IM: How is Houston's startup scenes for veterans? What resources are out there?

DG: The way I see it is veterans have made a commitment to serve us, so we should make a commitment to serve them. That's my philosophy. Large companies have different programs, which is great, and there are entities such as Combined Arms, which has full services for transitioning veterans where you can go in and one-stop shop to get support from everything like getting connected to the VA to help working through PTSD to getting help transitioning to business. There are also really good Service Academy networks. More and more opportunities exist to step up to serve veterans.

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Portions of this interview have been edited.

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Houston biopharma company launches equity crowdfunding campaign

money moves

A clinical-stage company headquartered in Houston has opened an online funding campaign.

FibroBiologics, which is developing fibroblast cell-based therapeutics for chronic diseases, launched a campaign with equity crowdfunding platform StartEngine. The platform lets anyone — regardless of their net worth or income level — to invest in securities issued by startups.

The funding, according to a press release, will be used to support ongoing operations of Fibrobiologics and advance its clinical programs in multiple sclerosis, degenerative disc disease, wound care, extension of life, and cancer.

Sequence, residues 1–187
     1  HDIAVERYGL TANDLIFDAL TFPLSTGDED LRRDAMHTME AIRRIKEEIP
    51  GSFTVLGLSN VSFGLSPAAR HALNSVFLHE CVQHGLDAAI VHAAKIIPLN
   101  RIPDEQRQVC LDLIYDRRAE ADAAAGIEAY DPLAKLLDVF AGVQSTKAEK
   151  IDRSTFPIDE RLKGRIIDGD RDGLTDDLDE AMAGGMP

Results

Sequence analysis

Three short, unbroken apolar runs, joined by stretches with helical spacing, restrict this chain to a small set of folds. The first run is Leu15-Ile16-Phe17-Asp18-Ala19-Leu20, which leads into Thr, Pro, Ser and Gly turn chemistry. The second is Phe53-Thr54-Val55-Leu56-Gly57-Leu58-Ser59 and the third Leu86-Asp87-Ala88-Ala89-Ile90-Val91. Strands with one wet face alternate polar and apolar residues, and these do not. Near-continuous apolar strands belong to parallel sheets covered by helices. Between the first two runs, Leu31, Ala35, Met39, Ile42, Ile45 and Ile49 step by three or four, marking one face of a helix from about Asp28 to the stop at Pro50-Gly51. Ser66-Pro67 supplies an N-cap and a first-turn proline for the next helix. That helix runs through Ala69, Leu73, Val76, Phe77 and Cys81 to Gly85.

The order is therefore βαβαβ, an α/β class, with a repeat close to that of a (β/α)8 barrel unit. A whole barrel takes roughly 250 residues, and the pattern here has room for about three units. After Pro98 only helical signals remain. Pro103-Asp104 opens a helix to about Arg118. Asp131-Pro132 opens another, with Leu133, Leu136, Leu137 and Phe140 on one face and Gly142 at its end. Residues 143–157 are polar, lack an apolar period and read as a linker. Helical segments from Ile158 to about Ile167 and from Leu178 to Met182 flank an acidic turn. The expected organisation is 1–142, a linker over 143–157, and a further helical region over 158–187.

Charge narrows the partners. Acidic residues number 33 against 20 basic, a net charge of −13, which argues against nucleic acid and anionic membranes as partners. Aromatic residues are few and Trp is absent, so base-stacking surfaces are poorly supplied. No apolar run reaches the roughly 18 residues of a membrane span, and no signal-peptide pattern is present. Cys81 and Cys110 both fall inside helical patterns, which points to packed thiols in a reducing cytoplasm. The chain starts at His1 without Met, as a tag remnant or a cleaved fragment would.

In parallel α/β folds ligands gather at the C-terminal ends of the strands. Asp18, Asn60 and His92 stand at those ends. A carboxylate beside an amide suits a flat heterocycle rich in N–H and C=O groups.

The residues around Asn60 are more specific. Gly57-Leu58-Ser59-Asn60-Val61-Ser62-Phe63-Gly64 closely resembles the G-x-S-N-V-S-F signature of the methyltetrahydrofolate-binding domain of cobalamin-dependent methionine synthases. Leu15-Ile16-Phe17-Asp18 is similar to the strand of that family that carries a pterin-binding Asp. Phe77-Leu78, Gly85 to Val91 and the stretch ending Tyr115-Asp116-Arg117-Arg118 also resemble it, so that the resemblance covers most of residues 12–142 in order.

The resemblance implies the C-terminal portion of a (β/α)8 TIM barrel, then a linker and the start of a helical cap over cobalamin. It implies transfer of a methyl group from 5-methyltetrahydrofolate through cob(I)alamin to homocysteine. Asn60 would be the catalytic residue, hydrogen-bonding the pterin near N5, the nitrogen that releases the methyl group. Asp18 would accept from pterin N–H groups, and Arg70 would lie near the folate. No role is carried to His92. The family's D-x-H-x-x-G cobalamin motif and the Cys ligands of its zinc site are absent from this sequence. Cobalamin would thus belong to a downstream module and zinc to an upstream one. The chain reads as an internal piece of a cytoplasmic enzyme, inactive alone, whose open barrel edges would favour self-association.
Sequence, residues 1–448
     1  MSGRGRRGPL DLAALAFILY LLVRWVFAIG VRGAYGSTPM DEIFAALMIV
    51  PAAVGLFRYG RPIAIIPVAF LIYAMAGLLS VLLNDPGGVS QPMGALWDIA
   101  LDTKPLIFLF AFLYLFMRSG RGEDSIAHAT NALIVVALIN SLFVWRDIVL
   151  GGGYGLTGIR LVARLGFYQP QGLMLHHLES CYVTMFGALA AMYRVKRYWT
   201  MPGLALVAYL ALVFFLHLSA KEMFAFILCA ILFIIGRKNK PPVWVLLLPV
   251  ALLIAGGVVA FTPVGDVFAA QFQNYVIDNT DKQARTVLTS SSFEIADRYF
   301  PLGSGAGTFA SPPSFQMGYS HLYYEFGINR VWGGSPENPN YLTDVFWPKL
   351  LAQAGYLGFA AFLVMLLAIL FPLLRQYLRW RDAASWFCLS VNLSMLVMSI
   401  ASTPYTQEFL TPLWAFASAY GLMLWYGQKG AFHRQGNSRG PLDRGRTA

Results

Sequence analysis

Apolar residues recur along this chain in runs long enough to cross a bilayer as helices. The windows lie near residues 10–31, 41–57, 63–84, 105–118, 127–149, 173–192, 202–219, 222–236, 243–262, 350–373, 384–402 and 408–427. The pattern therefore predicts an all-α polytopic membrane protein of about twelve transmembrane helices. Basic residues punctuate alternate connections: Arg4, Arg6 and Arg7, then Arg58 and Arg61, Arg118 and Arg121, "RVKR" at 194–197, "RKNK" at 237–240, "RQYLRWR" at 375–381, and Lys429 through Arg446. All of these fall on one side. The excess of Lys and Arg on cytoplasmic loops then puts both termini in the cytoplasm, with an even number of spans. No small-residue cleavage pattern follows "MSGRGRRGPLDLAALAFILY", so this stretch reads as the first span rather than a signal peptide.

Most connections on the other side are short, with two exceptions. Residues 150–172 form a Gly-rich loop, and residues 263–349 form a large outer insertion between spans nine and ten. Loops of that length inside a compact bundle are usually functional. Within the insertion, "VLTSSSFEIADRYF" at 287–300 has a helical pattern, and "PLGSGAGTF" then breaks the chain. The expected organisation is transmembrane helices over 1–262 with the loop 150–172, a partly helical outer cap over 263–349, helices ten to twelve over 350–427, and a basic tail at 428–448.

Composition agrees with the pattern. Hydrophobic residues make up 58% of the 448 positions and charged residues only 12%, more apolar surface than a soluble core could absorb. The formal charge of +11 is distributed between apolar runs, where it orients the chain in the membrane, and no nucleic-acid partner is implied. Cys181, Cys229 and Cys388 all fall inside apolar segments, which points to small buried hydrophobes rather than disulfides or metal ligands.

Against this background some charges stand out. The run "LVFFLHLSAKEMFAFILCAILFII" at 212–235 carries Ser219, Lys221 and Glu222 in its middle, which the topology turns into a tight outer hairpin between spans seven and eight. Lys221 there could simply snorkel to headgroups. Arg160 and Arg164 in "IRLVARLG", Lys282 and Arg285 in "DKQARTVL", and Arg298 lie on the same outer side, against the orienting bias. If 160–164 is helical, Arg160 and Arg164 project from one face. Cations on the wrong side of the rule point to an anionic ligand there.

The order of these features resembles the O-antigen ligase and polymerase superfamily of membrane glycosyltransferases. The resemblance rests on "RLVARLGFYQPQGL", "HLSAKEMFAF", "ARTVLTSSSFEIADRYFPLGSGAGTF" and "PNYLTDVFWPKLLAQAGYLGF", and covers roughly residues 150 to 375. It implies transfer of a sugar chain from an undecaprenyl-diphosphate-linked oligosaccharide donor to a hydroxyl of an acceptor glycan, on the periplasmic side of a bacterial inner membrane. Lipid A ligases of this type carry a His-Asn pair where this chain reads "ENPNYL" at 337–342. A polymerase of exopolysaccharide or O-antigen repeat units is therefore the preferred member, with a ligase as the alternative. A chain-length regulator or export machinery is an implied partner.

"We're excited to partner with StartEngine on this campaign. StartEngine has over 600,000 investors as part of their community and has raised over half a billion dollars for its clients," says FibroBiologics' Founder and CEO Pete O'Heeron, in the release.

"This is an exciting time at FibroBiologics as we continue progressing our clinical pipeline and developing innovative therapies to treat chronic diseases," he continues. "This new funding will fuel our growth in the lab and bring us one step closer to commercialization."

The campaign, launched this week, already has over 100 investors, at the time of publication, and has raised nearly $2 million, according to the page. The minimum investment is set at around $500, and the company's indicated valuation is $252.57 million.

In 2021, FibroBiologics announced its intention of going public. Last year, O'Heeron told InnovationMap on the Houston Innovators Podcast of the company's growth plans as well as the specifics of the technology.